playing a maintenance role, meaning that they would be HIGH on the task role. As the meeting progresses, the emphasis on
task fades and the members start playing their maintenance roles, so we would plot them higher
on maintenance role performance and lower on task role performance. Then they start emphasizing task behaviors
again (after all, there is work to be done…) and the maintenance roles fade. The rationale is that, when a group is attempting
to complete a task (people are playing their task roles), tension begins to build due to
conflict between competing ideas, values, attitudes. And, as that tension increases, group cohesion
may start to decline. To continue operating successfully as a group,
then, something must be done to decrease tension, so group members assume their maintenance
roles. Thus, maintenance roles help the group better
perform the task. As this model indicates, role-playing is a
fluid process and during a single meeting, an individual can play several roles. We’ll go into these roles in more detail
in the next video lecture. Let’s end this discussion with some key
terms related to roles: First, remember the definition of a role from
the beginning of this lecture. It will come into play in a bit. Let’s turn to the concept of role emergence,
which deals with how the roles are determined in a group. There are two ways roles emerge. The first is that you may actively seek, or
audition, for a particular role. It may be a role that you find exciting and
enjoyable, or a role that you have played successfully in past groups. For example, I tend to be a good note taker,
so if there is a need for someone to take notes, I’ll usually volunteer to do it. Or you may be good at cracking a joke when
the situation gets tense—so you “try out” for the role of tension reliever. This method connects to the “that you customarily
perform” portion of the definition of a role. But look now at the second part of that definition:
“that others expect you to perform.” In this case, the group’s expectations create
the individual’s role. Let’s say when I introduced myself to the
group, I mentioned that I’m a manager at work. My group might think that I have leadership
experience and that I would be good to lead the group. I may not want to do it, but either overtly
or covertly, the group could force this role upon me, or at least let me know that they
want me to perform that role. This relates to the next key term: Group endorsement. You don’t really “get” the role until
the group allows you to play it, or endorses you for the role. The group will reinforce, verbally and nonverbally,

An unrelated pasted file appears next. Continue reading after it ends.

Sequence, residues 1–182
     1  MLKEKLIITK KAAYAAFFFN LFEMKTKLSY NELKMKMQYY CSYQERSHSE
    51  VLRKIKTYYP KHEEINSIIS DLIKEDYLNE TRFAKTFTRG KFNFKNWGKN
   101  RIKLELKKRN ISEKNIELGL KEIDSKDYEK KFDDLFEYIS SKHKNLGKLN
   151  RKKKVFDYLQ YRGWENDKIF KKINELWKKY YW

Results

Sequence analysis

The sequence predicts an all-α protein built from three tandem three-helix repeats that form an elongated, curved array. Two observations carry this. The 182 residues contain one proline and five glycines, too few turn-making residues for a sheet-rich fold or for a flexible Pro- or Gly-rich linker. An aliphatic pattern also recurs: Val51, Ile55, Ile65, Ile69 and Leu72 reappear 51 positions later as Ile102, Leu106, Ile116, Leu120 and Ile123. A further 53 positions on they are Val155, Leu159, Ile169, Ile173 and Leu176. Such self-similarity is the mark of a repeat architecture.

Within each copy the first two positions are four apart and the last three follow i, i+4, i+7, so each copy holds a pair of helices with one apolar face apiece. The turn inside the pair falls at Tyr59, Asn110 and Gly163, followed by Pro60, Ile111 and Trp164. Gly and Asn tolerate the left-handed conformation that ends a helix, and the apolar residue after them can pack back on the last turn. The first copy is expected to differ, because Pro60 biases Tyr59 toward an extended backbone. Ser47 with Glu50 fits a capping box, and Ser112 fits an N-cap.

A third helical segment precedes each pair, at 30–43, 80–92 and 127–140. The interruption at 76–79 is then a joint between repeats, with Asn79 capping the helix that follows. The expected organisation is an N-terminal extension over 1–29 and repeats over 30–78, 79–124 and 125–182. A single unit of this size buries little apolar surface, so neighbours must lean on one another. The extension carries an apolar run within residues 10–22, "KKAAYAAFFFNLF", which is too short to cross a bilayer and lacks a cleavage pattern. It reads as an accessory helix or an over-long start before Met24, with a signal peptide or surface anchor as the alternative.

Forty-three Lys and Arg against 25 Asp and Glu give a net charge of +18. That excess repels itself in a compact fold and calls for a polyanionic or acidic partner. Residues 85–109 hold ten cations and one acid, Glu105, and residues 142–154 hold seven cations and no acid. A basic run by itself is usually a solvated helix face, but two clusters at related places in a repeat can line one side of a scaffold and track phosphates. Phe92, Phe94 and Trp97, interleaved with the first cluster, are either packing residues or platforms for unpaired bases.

the bid of the group member they perceive to be the best for that particular role—assuming
that role is needed. For example, if two of us “try out” or
make a bid for the leader role and the group thinks you would do a better job, they would
endorse you and … well, I wouldn’t be the leader. I would then look for another role that I
could play. On the other hand, if I make a bid for the
tension reliever role and the group thinks either the situation doesn’t call for a
tension reliever or that my bid is really weak—I don’t do a good job at relieving
the tension—then the group won’t endorse my bid. This endorsement process proceeds by trial
and error. Remember that role playing is a fluid process. You may play multiple roles in a group. That leads us to:
Role specialization (also called Role Profile). While you do play multiple roles, you will
usually “specialize” in just one type. If you tend to seek information, provide information,
and offer opinions based on information more often than you relieve tension or provide
support, you would be an “information specialist.” If you take role specialization too far, however,
it may turn into Role fixation, which is when you play a specific role regardless of the
situation. Say you like to put together agendas and,
regardless of the type of group, you will create an agenda—even if one is not necessary. You are “fixating” on a role. You might also be forced into role fixation. Recall when women were considered to be secretaries
and, through group endorsement, were essentially forced accepting the role of recorder. Then, regardless of the group, if you were
a woman, you would very likely be the recorder. What does all this mean to you as you play
roles in various groups? First, try to demonstrate flexibility by playing
a variety of roles that you think are needed for the group to be successful. There’s no need to fight for prestigious
roles, like leader. There are plenty of other roles that you can
play that will help the group be productive and cohesive. Experiment and learn! Try out for some roles you don’t normally
play and, if the group looks to you to perform a role that is out of your current repertoire,
consider giving it a try. You can then improve your expertise in other
areas. To use a baseball analogy, you can become
the true utility player. Avoid drawing attention away from the group
and the group’s purpose by putting yourself in the spotlight. We’ve all seen people trying to upstage
one another and the group suffers. They are self-centered, rather than group-centered. This doesn’t mean that you should fade into
the background but that the group should be the primary focus and the reason you are there. And, now that you know the importance of the
task and social dimensions, be willing to play multiple roles—wear a variety of hats. Play roles that contribute to both the task
and social dimension so you can help your group be both productive and cohesive. Quiz Time! What is the difference between the task and
social dimensions in small groups? How do the task and social dimensions relate
to the roles we play in groups? How might you enhance the effectiveness of
the groups you are involved in? To paraphrase Henry Ford, the founder of Ford
Motor Company, while coming together is a beginning and keeping together is progress,
it is only through working together that we achieve success.

Author: Kennedi Daugherty